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4.5
Stars
Jay-Z - 4:44
Community Rating2 Votes4.25

And just like that the great one has returned! I swear every time Jay returns with a project it’s like when Jordan came back and laced em up again. No matter how the end product may turn out, no matter if his skills have diminished, that’s still that guy and I can’t do anything but sit back and watch in awe. At this point Jay-Z is bigger than the game and he’s without a doubt the most successful rapper to ever do it. So every time he does come back it’s just victory laps at this point. But the thing that makes him so special is that he keeps evolving and he always comes with new gems to drop on the people. I fucking love mature Jay-Z and I couldn’t wait to hear what new ish he had to talk on 4:44.

It’s been four years since he released probably one of the more divisive albums in his extensive catalog, MCHG. I personally loved the album but a major point of contention with many of his die-hard stans was with it’s production. It saw Jay rhyming over all kinds of modern beats, including trap variations, and it rubbed them the wrong way. I don’t know if he was conscious of that when he was making 4:44, but it took a decidedly sharp turn in the other direction. Instead of working with a large cast of top producers, the album’s entirely handle by the always impeccable No I.D., so things were definitely more grown this go around. Honestly, this shit was so hip-hop it was refreshing, especially in a time when the sound has become so much less genre distinctive. I’ve always loved hearing Jay-Z on soul samples and No blessed him with some straight fire ones like “Marcy Me”, “4:44”, and “Family Feud.” They’re not quite on Kanye Blueprint level but god damn they’re close. This is Jay’s most cohesive sounding album since American Gangster, which also happened to feature No I.D. production, and No truly blessed him with this year’s purest hip-hop fire this side of Kendrick Lamar.

“Sometimes you need your ego, gotta remind these fools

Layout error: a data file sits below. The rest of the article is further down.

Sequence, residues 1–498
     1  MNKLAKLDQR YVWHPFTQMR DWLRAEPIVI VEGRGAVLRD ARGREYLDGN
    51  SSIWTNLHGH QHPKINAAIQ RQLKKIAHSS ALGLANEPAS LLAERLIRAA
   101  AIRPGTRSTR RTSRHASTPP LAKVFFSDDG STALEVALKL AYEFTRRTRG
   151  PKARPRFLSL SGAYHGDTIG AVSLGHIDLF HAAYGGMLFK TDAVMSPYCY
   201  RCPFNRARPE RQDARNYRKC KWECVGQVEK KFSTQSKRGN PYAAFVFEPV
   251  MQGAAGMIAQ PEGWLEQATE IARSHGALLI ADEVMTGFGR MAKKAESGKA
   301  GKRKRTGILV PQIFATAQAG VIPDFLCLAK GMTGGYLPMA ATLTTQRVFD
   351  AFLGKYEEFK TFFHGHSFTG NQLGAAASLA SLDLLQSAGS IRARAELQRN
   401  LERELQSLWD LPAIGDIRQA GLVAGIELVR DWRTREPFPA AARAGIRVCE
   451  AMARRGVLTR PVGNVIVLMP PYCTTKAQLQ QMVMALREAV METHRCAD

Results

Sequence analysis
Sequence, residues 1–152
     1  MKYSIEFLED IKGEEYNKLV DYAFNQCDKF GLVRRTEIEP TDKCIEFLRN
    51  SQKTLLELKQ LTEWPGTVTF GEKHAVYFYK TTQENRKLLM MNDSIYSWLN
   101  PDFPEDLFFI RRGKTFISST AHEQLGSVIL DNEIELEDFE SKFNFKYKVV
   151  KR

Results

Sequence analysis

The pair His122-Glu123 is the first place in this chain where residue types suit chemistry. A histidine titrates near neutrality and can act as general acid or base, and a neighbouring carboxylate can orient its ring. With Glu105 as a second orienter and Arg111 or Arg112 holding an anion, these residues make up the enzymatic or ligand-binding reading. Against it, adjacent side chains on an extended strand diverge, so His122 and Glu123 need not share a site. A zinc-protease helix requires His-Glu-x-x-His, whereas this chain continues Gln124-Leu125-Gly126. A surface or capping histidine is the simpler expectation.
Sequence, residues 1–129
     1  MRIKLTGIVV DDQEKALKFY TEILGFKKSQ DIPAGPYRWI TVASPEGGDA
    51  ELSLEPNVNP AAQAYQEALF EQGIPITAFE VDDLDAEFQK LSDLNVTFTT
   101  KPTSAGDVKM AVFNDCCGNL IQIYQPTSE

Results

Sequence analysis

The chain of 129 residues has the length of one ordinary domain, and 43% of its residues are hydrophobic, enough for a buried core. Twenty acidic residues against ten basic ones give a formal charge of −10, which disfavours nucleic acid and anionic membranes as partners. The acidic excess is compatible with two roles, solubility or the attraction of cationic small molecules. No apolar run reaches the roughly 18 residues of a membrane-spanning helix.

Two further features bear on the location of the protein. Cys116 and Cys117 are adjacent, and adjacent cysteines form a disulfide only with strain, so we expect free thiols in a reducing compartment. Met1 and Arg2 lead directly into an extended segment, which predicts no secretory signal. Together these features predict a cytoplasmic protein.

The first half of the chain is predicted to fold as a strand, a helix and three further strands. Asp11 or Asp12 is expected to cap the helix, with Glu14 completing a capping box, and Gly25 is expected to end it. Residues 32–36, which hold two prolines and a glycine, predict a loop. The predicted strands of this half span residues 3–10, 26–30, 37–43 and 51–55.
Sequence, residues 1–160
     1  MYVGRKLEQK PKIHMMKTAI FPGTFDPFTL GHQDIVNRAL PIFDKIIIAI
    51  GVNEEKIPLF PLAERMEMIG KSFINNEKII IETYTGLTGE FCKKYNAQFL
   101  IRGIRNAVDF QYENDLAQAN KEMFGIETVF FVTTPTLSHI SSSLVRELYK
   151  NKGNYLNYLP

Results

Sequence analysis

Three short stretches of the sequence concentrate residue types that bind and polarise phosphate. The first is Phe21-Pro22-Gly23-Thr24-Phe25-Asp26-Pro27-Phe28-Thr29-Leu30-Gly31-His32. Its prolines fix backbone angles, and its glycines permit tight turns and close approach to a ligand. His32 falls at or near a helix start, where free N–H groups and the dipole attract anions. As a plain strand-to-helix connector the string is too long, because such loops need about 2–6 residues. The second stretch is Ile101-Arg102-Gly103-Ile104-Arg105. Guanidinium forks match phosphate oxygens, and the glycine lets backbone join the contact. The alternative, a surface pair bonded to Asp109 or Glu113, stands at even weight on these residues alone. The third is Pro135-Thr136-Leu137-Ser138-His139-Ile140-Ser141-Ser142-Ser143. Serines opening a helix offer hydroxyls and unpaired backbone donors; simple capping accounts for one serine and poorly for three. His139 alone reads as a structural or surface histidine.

Who they effin’ with, and we got Effen too
Before we had A&R’s, we had AR’s too
We the only ones really movin’ like y’all say y’all do
We still movin’ like y’all niggas say y’all did
Emory passed you niggas and he did a bid
Ty Ty jumped over niggas and he’s like 5’6″
Got the heart of a giant, don’t you ever forget
Don’t you never forget, Jigga got this shit poppin’
I pulled out the pot when we was outta options”

At this point in his career it’s pretty much pointless to talk about his rapping ability, he is the bar you measure other rappers against, his flow, his delivery, they’re all about as flawless as you can get. What you can criticize him on is his subject matter, but you won’t hear too much talk about high art, his businesses, or accolades. No, he’s about as serious as I’ve ever heard him and after four years away he had a lot to get off his chest. He’s introspective and retrospective and touches on anything and everything, including his situations with Beyonce and Kanye. And he has entire songs aimed at this new generation of rappers, whether that’s words of wisdom or criticism. Jay-Z is our Rolling Stones; he’s the first major rapper we’ve really gotten to watch grow old in front of our eyes. He’s done it all and seen it all, and on 4:44 he sounds like it; but he doesn’t sound tired, he sounds like he’s got another 30+ ahead of him and I’m there for all of it.

Have you heard 4:44 yet? What’d you think about it? Do you like this mature Jay? Are you happy No I.D. handled the whole album? Let me know in the comments below and be sure to leave your own ratings and reactions for the album.

4:44 Reaction
Conclusion
4:44 is Jay-Z's shortest, sharpest, and most concise album yet. He has a lot to get off his chest and he doesn't hold anything back, whether that relates to Beyonce, Kanye, or this new generation of rappers. This is the most hip-hop shit to drop all year with the exception of maybe Kendrick.
4.5
Stars

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